Queen’s Bench Division (Liverpool)
X suffered from bipolar disorder. After some time working for the trust, X became unwell and concerns were raised about her behaviour. The trust excluded her from work and investigated her health. Following the investigation, the trust considered that X could not return to work, nor could adjustments be made to allow her to return, and decided to hold a hearing under its ill health procedure. X resisted that. Her exclusion was periodically reviewed and maintained for some three years.
X argued that referring her case to an ill health panel would breach her contract of employment, in particular because the provisions of the trust's policy on handling concerns about the conduct, performance and health of medical staff had not been applied and because the trust's handling of her case amounted to a breach of the implied term of trust and confidence.
HELD: (1) Although the policy showed that ill health matters should if possible be dealt with by mutual agreement, it did not follow that a panel could not be an appropriate procedure in particular cases. X had conceded that the mere holding of an ill health panel was not a breach of contract (see para.169 of judgment). (2) The policy was incorporated into X's contract of employment. It was therefore a term of her contract that its procedures would be followed unless withdrawn by agreement, Deadman v Bristol City Council  EWCA Civ 822,  I.R.L.R. 888 followed. That did not mean that every part of the policy was to be treated as a contract term, Alexander v Standard Telephones & Cables Ltd (No.2)  I.R.L.R. 286 applied. The paragraphs of the policy regarding health issues were either at too high a level to be contractual or had broadly been followed. However, the provisions as to exclusion set out specific procedures of a kind falling within the criteria for contractual status. The exclusion of a doctor from her place of work was such a significant step that it was reasonable to conclude that the parties must have intended that, as a matter of contract, the substance of the procedure would be followed. The trust had complied with most of the exclusion provisions so far as they were to be regarded as contractual terms, although there had been some breaches. However, there were difficulties in linking breaches of the terms introduced by the exclusion procedure to the injunction sought restraining the holding of a panel. Without such a link, such breaches did not necessarily connect to the relief claimed (paras 171-184). (3) X's allegation that the trust had deliberately failed to take reasonable steps to return her to work was rejected. Although criticism could be made of the trust's conduct, the sincerity of the doctors charged with a series of difficult decisions was not in doubt. The decision to refer the matter to the panel could not in any way be characterised as a breach of the implied duty of trust and confidence (paras 188-192). (4) As there had been no breach of contract, there were no grounds for the grant of an injunction, or a declaration to the same effect. Further, in principle, there were a number of reasons why an injunction would not have been granted even if X's analysis had been accepted. The object of the instant proceedings was to prevent the trust from convening a panel to consider the issues arising from X's ill health. The options available to the panel would be for X to remain in post with adjustments, for X to be put in a different role, or for her employment to be terminated. The panel would take an independent look and decide which option was to prevail. Further, if the injunction was granted the trust would have to consider the situation again and see what had gone wrong. There was value in considering the matter again, and the panel would do that. However, the grant of the injunction would leave the parties where they were, leaving them to continue their so far fruitless efforts to resolve the impasse by agreement, while preventing the trust from convening a panel at which a decision could finally be taken (paras 193-203).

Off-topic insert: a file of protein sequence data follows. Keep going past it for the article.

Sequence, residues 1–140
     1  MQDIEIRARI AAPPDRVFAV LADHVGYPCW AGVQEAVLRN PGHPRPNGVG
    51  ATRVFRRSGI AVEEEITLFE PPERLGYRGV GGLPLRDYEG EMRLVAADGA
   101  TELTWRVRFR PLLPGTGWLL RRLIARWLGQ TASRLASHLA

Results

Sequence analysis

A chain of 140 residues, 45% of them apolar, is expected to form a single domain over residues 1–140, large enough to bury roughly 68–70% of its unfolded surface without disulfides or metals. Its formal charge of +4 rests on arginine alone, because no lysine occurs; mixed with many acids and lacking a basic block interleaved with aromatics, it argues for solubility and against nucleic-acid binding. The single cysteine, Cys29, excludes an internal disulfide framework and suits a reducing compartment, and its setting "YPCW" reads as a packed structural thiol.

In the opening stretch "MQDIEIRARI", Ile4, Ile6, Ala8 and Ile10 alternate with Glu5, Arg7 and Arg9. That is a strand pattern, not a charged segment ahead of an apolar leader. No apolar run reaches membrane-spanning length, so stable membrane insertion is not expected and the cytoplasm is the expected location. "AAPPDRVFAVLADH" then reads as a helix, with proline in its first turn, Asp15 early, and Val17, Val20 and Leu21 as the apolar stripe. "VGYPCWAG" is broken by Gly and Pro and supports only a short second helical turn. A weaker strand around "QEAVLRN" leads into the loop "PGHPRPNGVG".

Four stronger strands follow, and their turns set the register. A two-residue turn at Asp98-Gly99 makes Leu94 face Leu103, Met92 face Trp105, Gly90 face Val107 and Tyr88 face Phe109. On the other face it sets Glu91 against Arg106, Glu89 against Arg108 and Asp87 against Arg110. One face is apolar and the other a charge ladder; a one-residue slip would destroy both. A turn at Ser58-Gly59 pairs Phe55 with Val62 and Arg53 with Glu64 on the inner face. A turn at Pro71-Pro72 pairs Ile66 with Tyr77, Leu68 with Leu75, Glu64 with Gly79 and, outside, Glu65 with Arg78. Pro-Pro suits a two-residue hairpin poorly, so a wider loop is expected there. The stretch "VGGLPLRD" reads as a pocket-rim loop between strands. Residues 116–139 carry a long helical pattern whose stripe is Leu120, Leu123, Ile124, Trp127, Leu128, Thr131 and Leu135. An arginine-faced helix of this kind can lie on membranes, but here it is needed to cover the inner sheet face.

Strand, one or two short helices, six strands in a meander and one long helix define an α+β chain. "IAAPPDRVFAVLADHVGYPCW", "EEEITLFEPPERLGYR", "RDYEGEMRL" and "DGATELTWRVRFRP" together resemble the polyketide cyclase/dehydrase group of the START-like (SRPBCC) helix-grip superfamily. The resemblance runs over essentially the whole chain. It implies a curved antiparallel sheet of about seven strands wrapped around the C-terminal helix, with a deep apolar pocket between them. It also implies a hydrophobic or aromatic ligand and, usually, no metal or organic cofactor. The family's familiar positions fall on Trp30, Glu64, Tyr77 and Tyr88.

Judgment for defendant.
The ‘capable, efficient, and helpful’ clerks’ room provides ‘a service-orientated approach and goes above and beyond in trying to ensure you have the right barrister for the job ; you have the utmost confidence in the clerking.”
‘an extremely approachable set of chambers which puts a premium on service delivery.’
Old Square Chambers is delighted to announce that it has again been ranked as a top band set in the…
Old Square’s Nadia Motraghi is acting for the BMA in its judicial review of these controversial Regulations which impose a…View More